Friend or foe? Happy or angry? Male or female? Being able to quickly and accurately answer these questions when someone approaches is undoubtedly important for social interaction today. During our evolutionary history it may have meant the difference between life and death. Eye tracking studies show that when considering a face adults focus mainly on the area at the bridge of the nose, just below the eyes (red zone, bottom row) despite the fact that scanning around the eyes, nose and mouth would actually provide more useful information (red/yellow areas, upper row). This strategy may have evolved as a short cut, enabling the brain to make a rapid, educated guess about identity, emotion or gender. People with certain conditions, such as autism, struggle to recognise facial cues. This research may help to understand their perspective and improve treatment in the future.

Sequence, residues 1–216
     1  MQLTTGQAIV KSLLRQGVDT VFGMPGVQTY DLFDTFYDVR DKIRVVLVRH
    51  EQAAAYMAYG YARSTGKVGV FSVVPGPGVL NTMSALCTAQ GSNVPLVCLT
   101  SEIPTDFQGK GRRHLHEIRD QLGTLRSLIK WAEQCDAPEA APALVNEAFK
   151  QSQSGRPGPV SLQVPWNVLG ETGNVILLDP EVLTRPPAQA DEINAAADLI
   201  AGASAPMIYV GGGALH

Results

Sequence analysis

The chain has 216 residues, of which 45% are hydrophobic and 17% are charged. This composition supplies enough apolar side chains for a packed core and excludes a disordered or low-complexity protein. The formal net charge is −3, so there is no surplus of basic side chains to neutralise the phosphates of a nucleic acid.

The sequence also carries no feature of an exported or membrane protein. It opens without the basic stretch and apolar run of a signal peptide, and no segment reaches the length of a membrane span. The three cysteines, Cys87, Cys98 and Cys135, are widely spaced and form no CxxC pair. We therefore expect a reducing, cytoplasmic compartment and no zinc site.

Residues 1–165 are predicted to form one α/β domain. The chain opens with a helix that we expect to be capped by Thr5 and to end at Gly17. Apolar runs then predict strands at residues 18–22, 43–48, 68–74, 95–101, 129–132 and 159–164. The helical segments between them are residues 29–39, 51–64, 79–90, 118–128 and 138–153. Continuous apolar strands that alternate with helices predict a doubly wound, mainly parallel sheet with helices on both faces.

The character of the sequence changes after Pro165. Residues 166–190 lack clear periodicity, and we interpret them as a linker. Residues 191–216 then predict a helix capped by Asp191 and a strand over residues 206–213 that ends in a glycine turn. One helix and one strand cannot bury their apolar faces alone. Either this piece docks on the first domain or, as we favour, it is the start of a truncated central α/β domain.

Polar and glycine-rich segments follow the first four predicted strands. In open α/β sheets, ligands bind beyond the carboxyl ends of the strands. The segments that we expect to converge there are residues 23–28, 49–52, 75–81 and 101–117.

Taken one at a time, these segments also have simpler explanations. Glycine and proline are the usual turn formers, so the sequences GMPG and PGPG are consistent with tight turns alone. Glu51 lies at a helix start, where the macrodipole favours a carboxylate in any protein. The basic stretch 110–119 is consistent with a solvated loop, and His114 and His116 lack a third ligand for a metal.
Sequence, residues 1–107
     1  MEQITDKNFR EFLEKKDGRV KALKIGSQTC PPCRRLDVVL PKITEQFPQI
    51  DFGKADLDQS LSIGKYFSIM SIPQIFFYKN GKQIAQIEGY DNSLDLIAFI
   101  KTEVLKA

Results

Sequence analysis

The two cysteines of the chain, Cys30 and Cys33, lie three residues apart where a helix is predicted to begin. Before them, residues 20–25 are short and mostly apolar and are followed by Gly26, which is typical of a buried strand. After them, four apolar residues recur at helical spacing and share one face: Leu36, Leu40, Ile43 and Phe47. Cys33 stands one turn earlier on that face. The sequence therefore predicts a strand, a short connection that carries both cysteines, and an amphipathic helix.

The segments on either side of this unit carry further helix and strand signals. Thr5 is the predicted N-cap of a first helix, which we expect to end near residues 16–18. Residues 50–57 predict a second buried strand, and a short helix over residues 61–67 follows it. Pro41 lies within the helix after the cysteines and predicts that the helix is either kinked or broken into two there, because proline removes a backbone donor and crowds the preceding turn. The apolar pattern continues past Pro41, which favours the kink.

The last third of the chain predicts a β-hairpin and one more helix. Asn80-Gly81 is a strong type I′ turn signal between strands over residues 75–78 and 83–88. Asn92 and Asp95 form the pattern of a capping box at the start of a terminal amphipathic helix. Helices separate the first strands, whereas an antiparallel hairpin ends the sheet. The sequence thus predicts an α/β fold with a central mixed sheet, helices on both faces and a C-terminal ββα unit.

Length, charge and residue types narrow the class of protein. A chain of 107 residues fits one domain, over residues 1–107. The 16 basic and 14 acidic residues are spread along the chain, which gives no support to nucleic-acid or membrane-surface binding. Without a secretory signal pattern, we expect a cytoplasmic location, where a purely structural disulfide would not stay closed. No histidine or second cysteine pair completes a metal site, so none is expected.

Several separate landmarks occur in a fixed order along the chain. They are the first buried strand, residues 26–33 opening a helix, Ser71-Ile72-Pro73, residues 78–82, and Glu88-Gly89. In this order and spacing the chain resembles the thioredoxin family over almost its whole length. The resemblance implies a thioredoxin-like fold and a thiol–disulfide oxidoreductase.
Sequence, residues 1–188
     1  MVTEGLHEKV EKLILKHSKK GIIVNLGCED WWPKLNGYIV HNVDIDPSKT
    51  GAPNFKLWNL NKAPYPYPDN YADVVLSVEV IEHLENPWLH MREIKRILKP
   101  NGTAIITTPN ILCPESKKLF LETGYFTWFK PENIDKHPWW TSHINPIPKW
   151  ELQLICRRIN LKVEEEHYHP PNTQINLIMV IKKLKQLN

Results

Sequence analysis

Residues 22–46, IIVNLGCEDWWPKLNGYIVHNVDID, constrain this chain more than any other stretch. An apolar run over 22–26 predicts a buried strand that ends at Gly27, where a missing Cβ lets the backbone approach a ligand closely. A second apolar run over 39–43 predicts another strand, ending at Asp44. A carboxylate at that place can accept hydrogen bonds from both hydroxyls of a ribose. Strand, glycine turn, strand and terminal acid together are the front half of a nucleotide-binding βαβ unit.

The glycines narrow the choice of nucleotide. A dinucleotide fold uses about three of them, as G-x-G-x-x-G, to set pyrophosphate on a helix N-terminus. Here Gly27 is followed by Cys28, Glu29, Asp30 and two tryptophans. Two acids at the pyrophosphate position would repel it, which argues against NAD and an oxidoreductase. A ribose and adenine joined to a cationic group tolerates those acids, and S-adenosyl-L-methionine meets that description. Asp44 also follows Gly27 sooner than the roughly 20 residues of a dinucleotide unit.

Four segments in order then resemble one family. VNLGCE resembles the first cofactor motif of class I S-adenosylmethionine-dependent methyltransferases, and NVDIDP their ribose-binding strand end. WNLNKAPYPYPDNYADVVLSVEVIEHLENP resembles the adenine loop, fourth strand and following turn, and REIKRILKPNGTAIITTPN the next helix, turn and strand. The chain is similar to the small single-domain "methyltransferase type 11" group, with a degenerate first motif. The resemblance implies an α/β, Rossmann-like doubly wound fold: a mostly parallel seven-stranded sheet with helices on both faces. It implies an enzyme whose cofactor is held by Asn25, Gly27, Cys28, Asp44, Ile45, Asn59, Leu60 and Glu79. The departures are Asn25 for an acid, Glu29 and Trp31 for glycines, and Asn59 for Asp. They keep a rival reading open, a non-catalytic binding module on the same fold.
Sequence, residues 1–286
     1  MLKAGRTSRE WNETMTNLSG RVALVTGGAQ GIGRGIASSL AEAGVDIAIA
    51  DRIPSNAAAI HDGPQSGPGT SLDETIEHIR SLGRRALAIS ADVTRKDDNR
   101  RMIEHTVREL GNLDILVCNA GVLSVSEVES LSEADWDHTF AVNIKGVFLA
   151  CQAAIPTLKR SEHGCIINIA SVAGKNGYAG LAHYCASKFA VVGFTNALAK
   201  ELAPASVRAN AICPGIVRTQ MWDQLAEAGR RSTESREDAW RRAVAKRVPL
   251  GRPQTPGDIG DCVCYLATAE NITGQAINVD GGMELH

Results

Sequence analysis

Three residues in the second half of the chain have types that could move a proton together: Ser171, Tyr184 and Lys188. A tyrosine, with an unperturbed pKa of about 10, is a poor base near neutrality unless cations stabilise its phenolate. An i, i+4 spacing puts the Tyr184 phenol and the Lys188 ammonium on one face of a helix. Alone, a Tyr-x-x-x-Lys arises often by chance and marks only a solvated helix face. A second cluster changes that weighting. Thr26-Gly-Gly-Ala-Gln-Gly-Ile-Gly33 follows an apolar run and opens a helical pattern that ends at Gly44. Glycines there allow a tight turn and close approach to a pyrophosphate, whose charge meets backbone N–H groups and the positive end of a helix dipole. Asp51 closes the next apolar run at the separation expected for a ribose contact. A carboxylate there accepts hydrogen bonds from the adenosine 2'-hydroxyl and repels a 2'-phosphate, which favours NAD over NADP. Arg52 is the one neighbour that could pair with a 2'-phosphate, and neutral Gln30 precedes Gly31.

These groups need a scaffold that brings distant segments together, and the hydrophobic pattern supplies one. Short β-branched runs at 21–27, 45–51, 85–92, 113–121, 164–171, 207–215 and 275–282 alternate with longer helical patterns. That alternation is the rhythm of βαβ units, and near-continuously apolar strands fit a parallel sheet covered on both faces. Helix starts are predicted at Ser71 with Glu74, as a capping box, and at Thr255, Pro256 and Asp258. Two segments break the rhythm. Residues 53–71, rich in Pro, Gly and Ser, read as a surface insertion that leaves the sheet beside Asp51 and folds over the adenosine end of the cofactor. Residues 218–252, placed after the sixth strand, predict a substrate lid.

Written by Sarah McLusky
BPoD stands for Biomedical Picture of the Day. Managed by the MRC London Institute of Medical Sciences the website aims to engage everyone, young and old, in the wonders of biomedicine. Images are kindly provided for inclusion on this website through the generosity of scientists across the globe.